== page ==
Mae was a pioneering milliner who was famous for her custom-made hats. She was active in her field from 1940 until 1997. She passed away in 2016 at age 104.

At age 28, she opened "Mae's Millinery Shop," located at 1630 South Street in Philadelphia. By so doing she became one of the first African American women to own her own business in downtown Philadelphia.

Her clients included celebrities such as Ella Fitzgerald, Lena Horne, Eartha Kitt, Marian Anderson and socialites from illustrious families, including the duPonts and the Annenbergs. Women from many professions and from churches also came to purchase hats from Ms. Reeves. She made trips to New York City and Paris to procure materials for her custom-made hats.

Mae’s daughter, Donna Limerick, a longtime resident of Montgomery County, will join Montgomery History's collections manager, Elizabeth Lay, in the presentation to discuss Mae’s entrepreneurial spirit. They also will share memories of her waiting on customers in the shop and reveal cherished family photographs.

To register free and join the presentation, go to » WATCH (montgomeryhistory.org).

Applications for Hotel Relief Grants to Open on Friday, July 1

A new Hotel Relief Grant Program is set to launch on Friday, July 1, for Montgomery County hotels with 10 or more rooms and Bed and Breakfasts with five or more rooms. The ownership of these facilities must be based in Maryland and be able to demonstrate a loss of revenue of 25 percent or more from September 2021 through January 2022 compared to September 2019 through January 2020. Up to $500 per room in Hotel Relief Grant money is available.

Applications, when available, can be found online at the Montgomery County Business Portal. Applications will be accepted through July 22. The business portal will include program details, including eligibility requirements and frequently asked questions.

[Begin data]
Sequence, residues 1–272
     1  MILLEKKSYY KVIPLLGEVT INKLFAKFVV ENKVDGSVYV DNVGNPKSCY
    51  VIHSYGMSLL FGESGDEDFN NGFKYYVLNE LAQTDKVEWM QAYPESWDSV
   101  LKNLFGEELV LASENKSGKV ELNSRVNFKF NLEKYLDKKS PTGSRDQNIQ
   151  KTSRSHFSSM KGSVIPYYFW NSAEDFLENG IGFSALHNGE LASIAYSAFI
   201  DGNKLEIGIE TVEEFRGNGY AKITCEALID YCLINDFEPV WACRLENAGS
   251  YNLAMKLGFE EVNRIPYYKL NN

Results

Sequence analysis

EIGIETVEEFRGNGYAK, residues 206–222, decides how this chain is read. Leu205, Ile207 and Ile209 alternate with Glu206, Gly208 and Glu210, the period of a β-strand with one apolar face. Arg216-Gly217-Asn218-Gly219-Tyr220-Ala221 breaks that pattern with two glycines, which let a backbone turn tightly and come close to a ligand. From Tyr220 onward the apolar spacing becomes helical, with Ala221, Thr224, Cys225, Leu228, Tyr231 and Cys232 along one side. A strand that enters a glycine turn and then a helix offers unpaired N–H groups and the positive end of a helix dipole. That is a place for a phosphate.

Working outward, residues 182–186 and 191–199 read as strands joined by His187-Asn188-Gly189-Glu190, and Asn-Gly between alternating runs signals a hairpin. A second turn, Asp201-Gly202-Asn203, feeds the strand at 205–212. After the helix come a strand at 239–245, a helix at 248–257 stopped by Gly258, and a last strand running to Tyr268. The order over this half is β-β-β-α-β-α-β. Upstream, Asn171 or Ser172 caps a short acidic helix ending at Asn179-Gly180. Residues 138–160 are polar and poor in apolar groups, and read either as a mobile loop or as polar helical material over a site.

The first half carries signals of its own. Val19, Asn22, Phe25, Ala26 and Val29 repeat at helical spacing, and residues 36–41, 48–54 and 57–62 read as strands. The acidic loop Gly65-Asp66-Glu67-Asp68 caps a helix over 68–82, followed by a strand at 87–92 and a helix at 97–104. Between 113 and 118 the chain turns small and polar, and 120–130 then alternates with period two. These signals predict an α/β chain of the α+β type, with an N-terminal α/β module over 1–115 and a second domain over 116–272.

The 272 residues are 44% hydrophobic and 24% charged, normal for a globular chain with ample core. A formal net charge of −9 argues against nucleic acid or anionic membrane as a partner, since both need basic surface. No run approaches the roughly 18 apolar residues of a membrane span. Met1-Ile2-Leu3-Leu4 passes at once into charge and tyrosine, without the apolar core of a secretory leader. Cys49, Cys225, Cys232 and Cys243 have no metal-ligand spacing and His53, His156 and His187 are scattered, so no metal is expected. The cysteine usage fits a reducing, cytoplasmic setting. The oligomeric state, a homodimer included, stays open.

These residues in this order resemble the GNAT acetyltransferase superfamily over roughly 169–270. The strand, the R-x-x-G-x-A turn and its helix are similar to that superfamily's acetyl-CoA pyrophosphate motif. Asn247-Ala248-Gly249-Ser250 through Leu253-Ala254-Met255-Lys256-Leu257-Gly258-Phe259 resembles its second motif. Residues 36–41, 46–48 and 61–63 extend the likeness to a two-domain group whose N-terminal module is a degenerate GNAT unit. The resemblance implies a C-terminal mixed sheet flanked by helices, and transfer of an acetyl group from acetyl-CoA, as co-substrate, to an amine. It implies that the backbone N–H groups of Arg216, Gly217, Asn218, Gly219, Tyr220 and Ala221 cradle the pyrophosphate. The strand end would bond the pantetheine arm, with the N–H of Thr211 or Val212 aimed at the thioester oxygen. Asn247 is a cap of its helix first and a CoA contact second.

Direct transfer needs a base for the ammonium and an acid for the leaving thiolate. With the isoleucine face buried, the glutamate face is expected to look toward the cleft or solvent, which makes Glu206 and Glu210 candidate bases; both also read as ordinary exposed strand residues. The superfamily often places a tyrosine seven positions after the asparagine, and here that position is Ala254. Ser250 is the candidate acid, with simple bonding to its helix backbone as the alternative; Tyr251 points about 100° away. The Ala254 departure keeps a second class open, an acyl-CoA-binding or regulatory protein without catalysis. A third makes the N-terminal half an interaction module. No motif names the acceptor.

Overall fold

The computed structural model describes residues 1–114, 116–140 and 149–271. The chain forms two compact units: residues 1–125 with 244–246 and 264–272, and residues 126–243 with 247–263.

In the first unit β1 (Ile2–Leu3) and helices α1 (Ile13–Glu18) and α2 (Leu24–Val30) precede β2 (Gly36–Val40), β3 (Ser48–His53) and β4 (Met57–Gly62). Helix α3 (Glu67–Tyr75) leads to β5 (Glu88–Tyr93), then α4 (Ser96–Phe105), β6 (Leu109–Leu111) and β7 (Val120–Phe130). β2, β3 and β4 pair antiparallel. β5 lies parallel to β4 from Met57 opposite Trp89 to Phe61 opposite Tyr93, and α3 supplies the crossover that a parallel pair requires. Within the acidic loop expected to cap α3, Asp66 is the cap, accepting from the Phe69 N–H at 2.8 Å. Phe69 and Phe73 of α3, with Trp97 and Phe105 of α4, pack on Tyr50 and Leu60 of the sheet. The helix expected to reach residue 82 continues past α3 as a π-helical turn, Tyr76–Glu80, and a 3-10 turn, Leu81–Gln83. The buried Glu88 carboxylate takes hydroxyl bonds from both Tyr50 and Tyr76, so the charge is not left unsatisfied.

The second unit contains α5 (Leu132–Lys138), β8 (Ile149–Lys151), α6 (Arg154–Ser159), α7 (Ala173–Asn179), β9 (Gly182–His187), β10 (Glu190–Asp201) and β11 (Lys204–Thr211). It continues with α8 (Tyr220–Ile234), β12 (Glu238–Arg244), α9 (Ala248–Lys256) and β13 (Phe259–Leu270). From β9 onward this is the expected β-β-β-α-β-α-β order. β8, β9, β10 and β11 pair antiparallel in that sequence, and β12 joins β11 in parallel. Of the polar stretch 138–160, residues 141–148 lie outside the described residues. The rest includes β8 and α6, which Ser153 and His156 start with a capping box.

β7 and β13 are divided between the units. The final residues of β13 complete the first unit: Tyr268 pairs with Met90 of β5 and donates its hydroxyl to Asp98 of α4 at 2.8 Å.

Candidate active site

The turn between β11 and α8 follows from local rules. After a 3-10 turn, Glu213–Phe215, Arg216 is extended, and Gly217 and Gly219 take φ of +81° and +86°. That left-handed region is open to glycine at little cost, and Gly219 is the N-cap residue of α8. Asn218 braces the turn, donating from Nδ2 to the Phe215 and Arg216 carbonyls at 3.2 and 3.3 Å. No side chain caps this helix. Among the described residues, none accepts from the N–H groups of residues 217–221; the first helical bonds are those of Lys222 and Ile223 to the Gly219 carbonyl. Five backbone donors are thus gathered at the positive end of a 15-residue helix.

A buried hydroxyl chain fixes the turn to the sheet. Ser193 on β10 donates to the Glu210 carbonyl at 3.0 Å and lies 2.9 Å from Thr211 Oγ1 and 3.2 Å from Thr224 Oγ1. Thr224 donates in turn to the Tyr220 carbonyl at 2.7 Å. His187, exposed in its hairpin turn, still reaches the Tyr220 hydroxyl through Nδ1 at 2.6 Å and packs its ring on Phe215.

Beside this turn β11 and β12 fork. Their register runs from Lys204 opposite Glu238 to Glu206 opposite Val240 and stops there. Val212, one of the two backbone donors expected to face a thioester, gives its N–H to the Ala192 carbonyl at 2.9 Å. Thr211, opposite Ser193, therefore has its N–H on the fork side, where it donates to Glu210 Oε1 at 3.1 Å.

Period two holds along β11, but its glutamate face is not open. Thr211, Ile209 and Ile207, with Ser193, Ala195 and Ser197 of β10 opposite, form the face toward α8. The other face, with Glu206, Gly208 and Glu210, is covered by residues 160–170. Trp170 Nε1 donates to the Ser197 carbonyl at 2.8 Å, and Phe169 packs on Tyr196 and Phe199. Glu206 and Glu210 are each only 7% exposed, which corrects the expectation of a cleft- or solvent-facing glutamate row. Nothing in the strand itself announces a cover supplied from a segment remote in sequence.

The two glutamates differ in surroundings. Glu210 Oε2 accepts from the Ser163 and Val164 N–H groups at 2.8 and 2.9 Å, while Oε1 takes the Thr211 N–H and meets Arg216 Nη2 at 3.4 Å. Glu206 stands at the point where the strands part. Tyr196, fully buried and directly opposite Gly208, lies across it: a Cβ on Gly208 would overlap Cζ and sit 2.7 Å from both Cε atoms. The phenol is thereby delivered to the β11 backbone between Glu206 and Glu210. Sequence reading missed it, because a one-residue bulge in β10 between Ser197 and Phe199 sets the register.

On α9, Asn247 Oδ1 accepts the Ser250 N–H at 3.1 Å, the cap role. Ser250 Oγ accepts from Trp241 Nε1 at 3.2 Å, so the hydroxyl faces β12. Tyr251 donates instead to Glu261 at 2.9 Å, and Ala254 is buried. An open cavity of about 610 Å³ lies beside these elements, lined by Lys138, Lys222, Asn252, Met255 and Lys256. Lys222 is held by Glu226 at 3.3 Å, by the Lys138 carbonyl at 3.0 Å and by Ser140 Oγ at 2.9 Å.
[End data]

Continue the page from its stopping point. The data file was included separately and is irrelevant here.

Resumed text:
“There are few industries that have been impacted as significantly from the pandemic as our hospitality businesses,” said Montgomery County Executive Marc Elrich. “Our leisure and hospitality businesses employ approximately 12 percent of our County’s workforce and the World Tourism Organization has predicted that this sector will not recover fully until 2024. It is imperative that we continue to assist this industry’s recovery efforts in order to help them support their workforce. I encourage all County hotels and B and B’s to apply for this newest round of grants.”

This is the fourth round of the Hotel Relief Grant Program provided by the County using ARPA funds provided by the State of Maryland. To date, more than $6.8 million has been distributed. In this round, the total grant funding available is $2,690,000.

The Hotel Relief Grant Program is administered by Visit Montgomery, in partnership with the Montgomery County Business Advancement Team.

“Visit Montgomery is pleased to see the County’s support for the local lodging industry,” said Kelly R. Groff, president and CEO of Visit Montgomery. “The pandemic resulted in a dramatic downturn in travel. The recovery for the business transient, meetings and conference sectors has been slower than originally anticipated. These grants will provide needed support to the lodging sector through a full recovery.”

Businesses are encouraged to check their standing with the State of Maryland before submitting an application. Awards cannot be made to businesses that are not in good standing.

Questions about the program should be sent to: info_@visitmontgomery.com

New ‘Welcome to Burtonsville’ Signs Unveiled

Montgomery County Executive Elrich, County Council President Gabe Albornoz and Councilmembers Tom Hucker and Will Jawando recently joined with other County officials to unveil one of two newly installed “Welcome to Burtonsville” signs. The County’s Department of Housing and Community Affairs’ Neighborhood Revitalization Section facilitated installation of the signs in the community in the northeastern part of the County.

The sign unveiled in the official ceremonies is located on the north side of Route 198 and in the 15000 block of Old Columbia Pike, adjacent to the Burtonsville Town Square Shopping Center. The other sign is located on the south side of Route 198 and in the 3100 block of Spencerville Road, directly across from the Idara Jaferia Islamic Center.